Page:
In addition, we collected information on different “haptic product properties” (HPP) from the literature (Heller & Schiff, 1991; Klatzky & Lederman, 2003). Hubka and Eder (1988) define a property as any characteristic of a product that belongs to it and characterizes it; the desired properties are the most important aspects of a technical system (a product of human art and workmanship). We produced a list of such haptic product properties (nouns, not adjectives) and their associations to inform the participants on the issue of haptics, its definition and its possible relationship to a product’s physical properties (see Table 1).
Furthermore, we created a matrix to support a structured elicitation and categorization of the information. The matrix, which was blank from the start, was used to help the participants relate the adjectives verbalised with specific product properties. The test leader listed the adjectives mentioned by the participant during the study to the left in the matrix. After each part of the trial, we asked the participants to explain what aspect(s) (i.e. haptic product properties) of the product they thought had produced the experience. Table 2 shows a fraction of such a matrix.
Each session followed the same procedure. We firstly introduced the participant to the purpose of the study, that is, to examine their respective experiences of a defined set of products. However, a specific human sense was not mentioned since the aim was to create as normal a situation as possible when the products were shown to the participants. Each trial consisted of three parts: A, B, C, each part repeated twice. All participants followed the sequence: A – B – A – B – C - C. Furthermore, all participants were exposed to all four products, but in random order. Table 3 illustrates the sequence of each trial (from top to bottom).
In Part A, we asked the participants to describe their perceived experiences when looking at the product in front of them. They were not allowed to touch it. Firstly, we asked them to spontaneously describe their experiences and only secondly to do so in terms of adjectives. All participants were at this stage given a short introduction to what adjectives are and to the different categories (or EDs) including examples (see Figure 4). Lastly, they were encouraged to consider all EDs and to add additional adjectives if relevant.
In the initial phase of Part B, the participants were still only looking at the product, but were now asked to describe, in terms of adjectives, to anticipate their haptic experience when touching it. In this part they were also introduced to the concept of haptics. They were encouraged to repeat adjectives mentioned previously if they found them also to be important for the expected haptic experiences. Secondly, they could place their hands on the product and examine it without restraints. Again, they were asked to firstly spontaneously describe their experiences and then to do so in terms of adjectives. Part B ended with a request to the participants to relate and explain what specific haptic product properties constituted each adjective they mentioned. Here the matrix was used (see Table 2). The test leader asked for example: “What haptic product properties contributed to your experience of “old-fashioned”? We then repeated Parts A and B for a second product (e.g., the telephone) before moving on to Part C of the study. At this stage, the participants were asked to reflect on if and how they felt that their visual experiences harmonised with their haptic experiences, and additionally if the haptic experiences added anything to their visual experiences.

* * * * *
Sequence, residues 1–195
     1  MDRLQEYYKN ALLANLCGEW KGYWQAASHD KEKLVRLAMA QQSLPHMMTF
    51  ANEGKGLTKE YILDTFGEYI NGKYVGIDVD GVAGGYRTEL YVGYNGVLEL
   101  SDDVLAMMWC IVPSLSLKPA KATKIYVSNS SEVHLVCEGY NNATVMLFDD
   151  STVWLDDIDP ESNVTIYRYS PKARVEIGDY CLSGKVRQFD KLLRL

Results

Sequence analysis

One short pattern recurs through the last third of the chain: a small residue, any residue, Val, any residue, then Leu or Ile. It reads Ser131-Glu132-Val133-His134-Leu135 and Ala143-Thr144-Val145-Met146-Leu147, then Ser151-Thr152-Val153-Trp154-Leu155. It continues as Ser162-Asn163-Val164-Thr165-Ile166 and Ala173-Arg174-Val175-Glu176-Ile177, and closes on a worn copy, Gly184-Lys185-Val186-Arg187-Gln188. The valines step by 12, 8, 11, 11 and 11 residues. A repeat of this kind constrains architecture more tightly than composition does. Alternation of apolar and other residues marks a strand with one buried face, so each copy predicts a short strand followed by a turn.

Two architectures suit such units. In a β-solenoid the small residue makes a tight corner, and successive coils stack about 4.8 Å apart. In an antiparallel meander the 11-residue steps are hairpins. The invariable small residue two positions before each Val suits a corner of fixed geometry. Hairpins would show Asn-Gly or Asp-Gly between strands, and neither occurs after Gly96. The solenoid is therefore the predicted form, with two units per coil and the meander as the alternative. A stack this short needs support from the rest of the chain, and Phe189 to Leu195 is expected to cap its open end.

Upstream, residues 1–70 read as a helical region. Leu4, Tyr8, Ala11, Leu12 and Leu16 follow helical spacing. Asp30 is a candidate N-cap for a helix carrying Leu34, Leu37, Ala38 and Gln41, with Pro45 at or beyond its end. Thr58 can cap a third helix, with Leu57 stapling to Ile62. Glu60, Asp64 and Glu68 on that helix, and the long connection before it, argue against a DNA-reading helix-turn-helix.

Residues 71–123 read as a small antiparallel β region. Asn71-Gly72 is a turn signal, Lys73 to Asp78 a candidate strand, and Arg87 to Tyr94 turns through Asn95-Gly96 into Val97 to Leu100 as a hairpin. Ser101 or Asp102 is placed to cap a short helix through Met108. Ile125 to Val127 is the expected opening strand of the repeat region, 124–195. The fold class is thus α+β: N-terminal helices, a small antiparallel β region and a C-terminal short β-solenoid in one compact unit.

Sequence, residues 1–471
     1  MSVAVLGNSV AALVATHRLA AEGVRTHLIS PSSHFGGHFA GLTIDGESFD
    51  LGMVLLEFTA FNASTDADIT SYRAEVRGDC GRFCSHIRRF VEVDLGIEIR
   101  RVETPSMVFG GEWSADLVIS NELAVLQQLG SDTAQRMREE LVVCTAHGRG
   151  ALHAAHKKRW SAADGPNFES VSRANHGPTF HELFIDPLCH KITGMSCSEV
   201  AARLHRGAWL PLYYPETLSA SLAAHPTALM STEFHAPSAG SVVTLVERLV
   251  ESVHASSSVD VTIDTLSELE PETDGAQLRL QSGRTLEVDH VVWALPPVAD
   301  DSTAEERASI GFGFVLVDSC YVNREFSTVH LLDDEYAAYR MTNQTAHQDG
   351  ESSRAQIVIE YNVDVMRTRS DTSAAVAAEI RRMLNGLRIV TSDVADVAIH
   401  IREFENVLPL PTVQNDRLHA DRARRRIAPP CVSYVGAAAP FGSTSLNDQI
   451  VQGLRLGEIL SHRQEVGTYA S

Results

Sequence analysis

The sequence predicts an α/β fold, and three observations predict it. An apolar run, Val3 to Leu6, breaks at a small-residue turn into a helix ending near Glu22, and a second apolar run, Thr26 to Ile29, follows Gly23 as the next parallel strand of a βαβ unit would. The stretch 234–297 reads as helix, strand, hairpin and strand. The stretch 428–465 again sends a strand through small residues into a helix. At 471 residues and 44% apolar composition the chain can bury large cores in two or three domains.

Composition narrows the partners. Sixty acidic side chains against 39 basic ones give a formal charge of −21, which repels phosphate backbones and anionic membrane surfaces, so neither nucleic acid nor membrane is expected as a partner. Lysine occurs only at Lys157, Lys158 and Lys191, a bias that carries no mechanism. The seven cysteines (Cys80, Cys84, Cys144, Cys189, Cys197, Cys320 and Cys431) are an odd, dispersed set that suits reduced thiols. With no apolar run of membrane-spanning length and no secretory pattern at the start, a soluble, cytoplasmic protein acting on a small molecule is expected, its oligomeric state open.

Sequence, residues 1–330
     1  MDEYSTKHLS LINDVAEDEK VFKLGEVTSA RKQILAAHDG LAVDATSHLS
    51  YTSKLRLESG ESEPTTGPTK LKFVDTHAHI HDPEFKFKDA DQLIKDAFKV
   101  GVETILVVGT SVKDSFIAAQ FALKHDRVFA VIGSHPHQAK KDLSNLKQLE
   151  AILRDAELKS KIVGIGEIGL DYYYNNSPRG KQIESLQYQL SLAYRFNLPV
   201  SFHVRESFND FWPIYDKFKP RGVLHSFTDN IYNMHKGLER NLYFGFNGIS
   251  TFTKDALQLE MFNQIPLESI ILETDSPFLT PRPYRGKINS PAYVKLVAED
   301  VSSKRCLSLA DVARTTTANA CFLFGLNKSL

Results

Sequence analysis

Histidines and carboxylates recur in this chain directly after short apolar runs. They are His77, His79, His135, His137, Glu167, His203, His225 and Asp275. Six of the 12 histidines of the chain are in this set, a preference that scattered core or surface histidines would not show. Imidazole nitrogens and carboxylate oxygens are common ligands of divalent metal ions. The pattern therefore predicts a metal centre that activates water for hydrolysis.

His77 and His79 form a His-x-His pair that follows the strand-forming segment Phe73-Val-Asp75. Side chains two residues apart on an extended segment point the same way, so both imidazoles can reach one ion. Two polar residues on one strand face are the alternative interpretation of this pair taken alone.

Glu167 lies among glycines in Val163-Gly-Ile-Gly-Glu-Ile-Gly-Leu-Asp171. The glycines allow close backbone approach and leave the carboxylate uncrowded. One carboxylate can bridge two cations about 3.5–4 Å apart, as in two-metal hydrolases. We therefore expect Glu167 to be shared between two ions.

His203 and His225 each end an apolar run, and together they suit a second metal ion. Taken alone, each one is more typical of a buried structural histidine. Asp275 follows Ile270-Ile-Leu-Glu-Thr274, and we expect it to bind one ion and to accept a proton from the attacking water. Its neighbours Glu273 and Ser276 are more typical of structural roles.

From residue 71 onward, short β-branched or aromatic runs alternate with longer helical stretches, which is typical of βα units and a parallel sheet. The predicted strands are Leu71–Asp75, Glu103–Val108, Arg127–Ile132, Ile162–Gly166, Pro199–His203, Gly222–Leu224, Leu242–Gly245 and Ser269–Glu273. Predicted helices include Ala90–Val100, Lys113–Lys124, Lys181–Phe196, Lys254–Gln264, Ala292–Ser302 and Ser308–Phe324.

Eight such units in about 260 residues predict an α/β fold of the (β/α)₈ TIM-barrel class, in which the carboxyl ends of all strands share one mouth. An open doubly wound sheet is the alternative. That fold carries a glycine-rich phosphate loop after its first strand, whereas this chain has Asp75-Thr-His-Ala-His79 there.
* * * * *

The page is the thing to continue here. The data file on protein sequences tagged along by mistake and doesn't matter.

In Part C, the third product (e.g., the hammer) was introduced to the participants. They were initially only allowed to touch and explore the product behind the screen (see Figure 2). However, the participants were told in advance what kind of product they had to expect behind the screen as it was assumed that the participants might otherwise have spent time exploring the product in order to determine the object as such, rather than considering their experiences of interacting with it. Once the participants had placed their hands on the product they were encouraged to describe their experiences, firstly spontaneously, then to do so using adjectives. In this part of the trial, we also asked the participants to relate their experiences (i.e. the adjectives verbalised) to specific ‘haptic product properties’. Finally, they could look at the product and reflect upon whether its visual appearance was what they had expected or not. Part C was then repeated for the fourth and last product (e.g., the coffee pot) to be evaluated.